Darmstadt, Germany


Darmstadt, Germany
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Friedeheim L.,Hydrotec Ingenieurgesellschaft fur Wasser und Umwelt MbH | Heiland P.,INFRASTRUKTUR and UMWELT | Buschhuter E.,Ministerium fur Klimaschutz
WasserWirtschaft | Year: 2013

The Ministry of Environment of the federal state Northrhine-Westfalia coordinates the implementation of the EU floods directive in the state's different river basins. To ensure a similar quality of the plans as well as similar participation standards the Ministry has started a coordination and quality management process in 2010. Within this process guidelines and formats are being developed for the regional planning activities. It includes the coordination and the data management for flood risk maps and the planning processes for the Flood Risk Management Plans. The standards and guidance documents are presented here by the contracted consultancies.

Grafe M.,Sachsisches Landesamt fur Umwelt | Heiland P.,Sachsisches Landesamt fur Umwelt | Goerigk A.,INFRASTRUKTUR and UMWELT | Kuhl A.,Sachsisches Staatsministerium des Innern
WasserWirtschaft | Year: 2010

One key subject of the EU Flood Directive is to manage flood risk under holistic assessment of the entire river basins. Beyond the formal administrative cooperation by the international river commissions, and the improvement of the daily cooperation of the regional agencies, all regional responsible bodies in the Elbe River basin work together in a basin wide project on risk assessment and adaptation measures development. The project is partially financed by the EU funding program INTERREGIV B central. In this framework 20 partner organisations from Germany, Czech Republic, Austria and Hungary work jointly on flood risk mapping, flood risk management pilot actions, measures by spatial planning and measures of tourism and shipping to adapt to the existing and to future risks. The great chance of the project is the cooperation of the international and interdisciplinary team of project partners (spatial planning, water management, urban development, tourism) analysing and developing solutions to joint challenges and risks.

Gierk M.,Bundesministerium fur Umwelt | Heiland P.,INFRASTRUKTUR and UMWELT | Stratenwerth T.,Bundesministerium fur Umwelt
WasserWirtschaft | Year: 2011

Germany is part of six international River Basins. For those the implementation of the European Flood Risk Management Directive (2007/60/EG) requests cross border coordination with all neighbouring countries. In November 2010 the second German Federal/State Workshop took place aiming at discussions about coordination as well as to review chances of harmonization approaches. Representatives of the Federal Ministry for the Environment, the German Federal States, International River Commissions and guests from neighbouring countries worked two days on joint messages.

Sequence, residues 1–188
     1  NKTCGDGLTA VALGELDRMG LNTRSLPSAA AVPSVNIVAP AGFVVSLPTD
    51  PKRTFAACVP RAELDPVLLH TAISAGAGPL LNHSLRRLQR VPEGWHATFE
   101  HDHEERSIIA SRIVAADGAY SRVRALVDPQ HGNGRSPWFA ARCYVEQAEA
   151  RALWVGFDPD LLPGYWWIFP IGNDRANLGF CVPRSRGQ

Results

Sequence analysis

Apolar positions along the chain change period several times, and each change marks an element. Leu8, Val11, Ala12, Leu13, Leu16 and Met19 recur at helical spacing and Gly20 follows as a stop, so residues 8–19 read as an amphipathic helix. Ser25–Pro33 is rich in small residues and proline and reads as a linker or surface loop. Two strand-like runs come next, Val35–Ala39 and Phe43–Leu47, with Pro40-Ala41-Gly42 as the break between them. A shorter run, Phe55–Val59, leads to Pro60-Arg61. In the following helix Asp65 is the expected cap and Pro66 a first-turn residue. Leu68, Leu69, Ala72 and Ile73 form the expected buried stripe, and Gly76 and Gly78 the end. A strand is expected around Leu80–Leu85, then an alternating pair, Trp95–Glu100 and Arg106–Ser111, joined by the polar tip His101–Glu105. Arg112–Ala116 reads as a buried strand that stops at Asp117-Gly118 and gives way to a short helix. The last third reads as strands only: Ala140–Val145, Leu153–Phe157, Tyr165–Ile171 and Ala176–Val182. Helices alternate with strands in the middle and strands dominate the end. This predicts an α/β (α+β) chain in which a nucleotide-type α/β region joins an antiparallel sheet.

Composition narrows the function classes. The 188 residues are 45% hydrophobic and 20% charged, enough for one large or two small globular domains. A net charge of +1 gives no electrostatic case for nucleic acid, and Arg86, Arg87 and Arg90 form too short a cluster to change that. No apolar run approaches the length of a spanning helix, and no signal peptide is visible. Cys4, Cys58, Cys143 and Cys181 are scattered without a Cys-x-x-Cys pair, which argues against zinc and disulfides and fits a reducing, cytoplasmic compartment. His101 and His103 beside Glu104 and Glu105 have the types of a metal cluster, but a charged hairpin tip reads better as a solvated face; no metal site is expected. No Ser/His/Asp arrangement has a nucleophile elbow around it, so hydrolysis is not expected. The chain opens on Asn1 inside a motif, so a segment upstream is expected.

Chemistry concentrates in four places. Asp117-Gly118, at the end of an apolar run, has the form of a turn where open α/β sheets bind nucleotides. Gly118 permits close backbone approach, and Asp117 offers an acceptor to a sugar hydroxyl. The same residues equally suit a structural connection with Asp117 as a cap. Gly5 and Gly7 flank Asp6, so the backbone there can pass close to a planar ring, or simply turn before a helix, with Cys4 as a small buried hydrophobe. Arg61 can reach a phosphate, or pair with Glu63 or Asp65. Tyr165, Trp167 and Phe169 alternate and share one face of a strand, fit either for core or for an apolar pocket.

Processing of flood risk management plans in Baden-Württemberg aims at supporting different stakeholders in implementing necessary measures. Therefore, between 2010 and 2012 in cooperation with relevant stakeholders a set of tools has been developed to support planning as well as implementation. All activities are based on state-wide appropriate objectives for the management of flood risks, a state-wide catalogue of measures and a uniform process to identify and prioritise necessary measures. Flood partnerships are an integral part of flood risk management in Baden-Württemberg. The overall objective is to increase risk awareness, to involve stakeholder in the planning process and to initiate activities.

Natural Hazards | Year: 2013

For the last five years, climate change has been increasingly perceived as a challenge for regional development. Compared to other nations, Germany is relatively 'safe', but the German regions are prone to different impacts of climate change; some of them might be positive but most will be negative in the long run. Strategic concepts are therefore needed to reduce the negative impacts and use the potential positive effects. Due to enforced research funding, several German regions are currently developing adaptation strategies within transdisciplinary research projects. Based on a comparative case study analysis of three of these projects, this paper looks for the benefits of resilience thinking in the context of climate change adaptation. The analysis shows that the case study regions try to increase their resilience to climate change by strengthening the properties of (1) resistance, (2) recovery and (3) creativity. But the discussion also reveals that only parts, certain sectors or subjects, of the region can increase their distinct resilience. Regional stakeholder networks as established within the case study regions can make a significant contribution to linking different sectors and levels of action. Therefore, this approach seems to be applicable for integrating the need for adaptation within the whole region. It is believed that the regionalized communication of potential climate change impacts raises awareness for climate change adaptation, helps to develop appropriate adaptation measures and encourages action. Hence, different approaches can indeed lead to more resilient structures. But the resilient society at regional level remains utopia. © 2012 Springer Science+Business Media Dordrecht.

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